Surviving the holidays

Surviving the holidays

Surviving the holidays

As the holidays near, my moods tend to fluctuate in terms of how exciting the holidays actually are. They are either filled with memories that will last a life time or drowned with drama and bickering amongst family members, which eventually turn into grudges, and so on. As the saying goes “you can’t pick your family”. However, what you can pick is how your holiday season plays out. Whether you are hosting a Christmas lunch or joining a small gathering to celebrate the New Year, what you do is entirely up to you. If you need that little bit of inspiration get you going, here are a few things you can do in order to survive the holidays this year.

Expect the unexpected 

If you are planning to host an event, you’d be wise to expect nothing to go to plan. The usual let-downs include guests not arriving on time, some of the food turning up burnt, or cancellations by people who waited until the last minute to let you know. Nothing every goes smoothly and swiftly when it comes to the holidays and sometimes, in order to survive, it’s best to simply accept this and move on. If you spend most of the day worrying about nothing going right, you’ll end up having a horrible time, neglecting the people who simply want to spend time with you.

As the holidays come around at the end of the year, it may or may not be spent with a certain loved one. If, during the course of the year, you unfortunately had a family member pass away, it is important to spend the day not mourning their loss, but instead appreciating the person with love as well the life they had lived. The holidays are a perfect time to recount past memories spend with family members so don’t shy away from this opportunity to spread some happiness.

Let it go 

If your family is anything like mine, you’ll more than likely be pestered and bombarded with questions about your personal life before you even walk through the front door. The questions can often range from your dating life to your work life. Remember, just because they’re your family it does not mean that they have access to every aspect of your life. If you can, simply ignore the questions you would rather not answer or speak out and let your relatives know that you are uncomfortable with the question and would prefer not to answer. You have the right to a stress-free holiday just as much as they do, and it’s their problem if they can’t handle that.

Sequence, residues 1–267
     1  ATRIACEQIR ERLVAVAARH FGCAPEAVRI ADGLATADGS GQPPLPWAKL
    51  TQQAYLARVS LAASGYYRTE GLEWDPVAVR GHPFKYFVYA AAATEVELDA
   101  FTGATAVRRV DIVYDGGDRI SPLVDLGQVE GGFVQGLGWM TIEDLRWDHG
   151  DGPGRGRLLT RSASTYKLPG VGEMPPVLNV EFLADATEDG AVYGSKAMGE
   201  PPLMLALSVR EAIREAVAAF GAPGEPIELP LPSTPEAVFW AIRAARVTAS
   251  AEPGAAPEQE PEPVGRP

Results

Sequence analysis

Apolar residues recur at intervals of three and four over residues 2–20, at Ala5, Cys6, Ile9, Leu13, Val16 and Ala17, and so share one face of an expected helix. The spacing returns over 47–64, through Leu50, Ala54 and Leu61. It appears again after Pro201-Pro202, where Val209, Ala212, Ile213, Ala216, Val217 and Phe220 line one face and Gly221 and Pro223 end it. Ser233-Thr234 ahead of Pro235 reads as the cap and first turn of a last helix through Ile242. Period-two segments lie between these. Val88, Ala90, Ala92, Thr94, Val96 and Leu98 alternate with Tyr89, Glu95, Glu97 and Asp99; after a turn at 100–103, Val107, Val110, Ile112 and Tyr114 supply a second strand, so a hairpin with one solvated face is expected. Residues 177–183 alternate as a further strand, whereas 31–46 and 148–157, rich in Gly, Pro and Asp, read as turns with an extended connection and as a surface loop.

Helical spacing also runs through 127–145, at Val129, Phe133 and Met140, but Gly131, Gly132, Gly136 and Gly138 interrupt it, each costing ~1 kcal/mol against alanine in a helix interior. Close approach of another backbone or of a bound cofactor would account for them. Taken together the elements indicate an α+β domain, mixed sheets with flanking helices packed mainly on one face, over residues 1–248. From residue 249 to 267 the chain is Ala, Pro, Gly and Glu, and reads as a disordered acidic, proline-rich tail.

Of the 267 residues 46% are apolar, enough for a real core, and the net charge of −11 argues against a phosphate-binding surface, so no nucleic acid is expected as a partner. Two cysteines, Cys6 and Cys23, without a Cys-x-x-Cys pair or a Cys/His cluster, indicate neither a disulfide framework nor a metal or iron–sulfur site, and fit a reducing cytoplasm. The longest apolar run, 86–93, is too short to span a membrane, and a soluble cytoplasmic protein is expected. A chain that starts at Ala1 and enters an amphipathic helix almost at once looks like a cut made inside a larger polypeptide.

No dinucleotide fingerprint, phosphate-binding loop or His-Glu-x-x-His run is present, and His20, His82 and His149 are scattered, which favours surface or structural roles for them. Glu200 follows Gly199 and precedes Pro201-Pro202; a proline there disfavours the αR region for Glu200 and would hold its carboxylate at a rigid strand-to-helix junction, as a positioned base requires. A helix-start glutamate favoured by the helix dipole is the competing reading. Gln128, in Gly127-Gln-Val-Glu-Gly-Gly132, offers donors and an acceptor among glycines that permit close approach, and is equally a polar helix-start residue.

Use your voice

As I’ve mentioned, although you love your family dearly, certain situations can make it a little hard to breathe. If you are in charge of the holiday event, never feel ashamed to reach out and ask for help, especially if the person you’re reaching out to is your guest. If you’re finding hard to keep up with the demand of hosting an event during the holiday season, delegating certain tasks to specific people may help lighten the load, leaving you with a more manageable to-do list. It’ll also get more everyone involved and talking, making it a more joyful holiday season.

By using your voice during the holiday season, you are also giving yourself the right to say ‘no’, it doesn’t even necessarily matter what exactly you’re saying ‘no’ to. Practise the mantra that it’s your holiday too and that you deserve to enjoy it as well. If someone is forcing you to take on too many tasks, let them know that it’s unacceptable and that your decision should be respected and your feelings acknowledged.

Pace yourself

When it comes to this tip, I’m known for failing in terms of taking my own advice. When you think of the holiday season, your mind automatically jumps to two things: food and alcohol, and there’s more than often lots of it. As much as I love challenging myself to see how many things I can fit onto my plate, I always thank myself later for practicing moderation. Start of by reasonably filling your plate and if you are as really hungry as you say you are, help yourself to seconds. This will keep your stomach from being put under pressure and will ease your digestion.

Alcohol is another challenge many of us face when it comes to the holidays, and yes, I’m telling you to pace yourself here as well. The last thing you want is an embarrassing, drunk story of you being told at every holiday event in the future. Trust me, they’ll remember. Plus, you’ll avoid feeling rough the next morning.


Most importantly, make sure you enjoy yourself! You and your family will have a much better time when you’re happy.

Ceyda Erem


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